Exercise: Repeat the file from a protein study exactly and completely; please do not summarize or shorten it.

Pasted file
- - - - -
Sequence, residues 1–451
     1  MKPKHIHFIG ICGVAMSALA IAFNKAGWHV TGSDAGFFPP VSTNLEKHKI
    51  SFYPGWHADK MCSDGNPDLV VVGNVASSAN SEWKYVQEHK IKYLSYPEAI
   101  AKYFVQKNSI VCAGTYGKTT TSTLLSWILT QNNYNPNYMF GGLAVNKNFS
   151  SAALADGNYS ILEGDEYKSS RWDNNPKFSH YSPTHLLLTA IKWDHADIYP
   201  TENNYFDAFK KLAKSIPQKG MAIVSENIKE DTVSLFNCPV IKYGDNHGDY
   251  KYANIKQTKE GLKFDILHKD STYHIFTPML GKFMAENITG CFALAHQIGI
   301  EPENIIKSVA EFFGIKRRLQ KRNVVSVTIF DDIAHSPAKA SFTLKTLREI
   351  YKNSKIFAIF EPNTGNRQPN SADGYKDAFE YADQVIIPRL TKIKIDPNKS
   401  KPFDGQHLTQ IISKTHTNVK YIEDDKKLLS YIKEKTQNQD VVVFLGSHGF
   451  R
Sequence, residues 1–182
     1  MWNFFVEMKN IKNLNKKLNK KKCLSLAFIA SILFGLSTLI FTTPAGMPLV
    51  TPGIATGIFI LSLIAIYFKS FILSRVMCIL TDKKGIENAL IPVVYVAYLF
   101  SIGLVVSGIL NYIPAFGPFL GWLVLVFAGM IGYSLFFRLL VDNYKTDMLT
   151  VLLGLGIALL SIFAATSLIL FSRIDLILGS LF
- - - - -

Sequence, residues 1–451
     1  MKPKHIHFIG ICGVAMSALA IAFNKAGWHV TGSDAGFFPP VSTNLEKHKI
    51  SFYPGWHADK MCSDGNPDLV VVGNVASSAN SEWKYVQEHK IKYLSYPEAI
   101  AKYFVQKNSI VCAGTYGKTT TSTLLSWILT QNNYNPNYMF GGLAVNKNFS
   151  SAALADGNYS ILEGDEYKSS RWDNNPKFSH YSPTHLLLTA IKWDHADIYP
   201  TENNYFDAFK KLAKSIPQKG MAIVSENIKE DTVSLFNCPV IKYGDNHGDY
   251  KYANIKQTKE GLKFDILHKD STYHIFTPML GKFMAENITG CFALAHQIGI
   301  EPENIIKSVA EFFGIKRRLQ KRNVVSVTIF DDIAHSPAKA SFTLKTLREI
   351  YKNSKIFAIF EPNTGNRQPN SADGYKDAFE YADQVIIPRL TKIKIDPNKS
   401  KPFDGQHLTQ IISKTHTNVK YIEDDKKLLS YIKEKTQNQD VVVFLGSHGF
   451  R
Sequence, residues 1–182
     1  MWNFFVEMKN IKNLNKKLNK KKCLSLAFIA SILFGLSTLI FTTPAGMPLV
    51  TPGIATGIFI LSLIAIYFKS FILSRVMCIL TDKKGIENAL IPVVYVAYLF
   101  SIGLVVSGIL NYIPAFGPFL GWLVLVFAGM IGYSLFFRLL VDNYKTDMLT
   151  VLLGLGIALL SIFAATSLIL FSRIDLILGS LF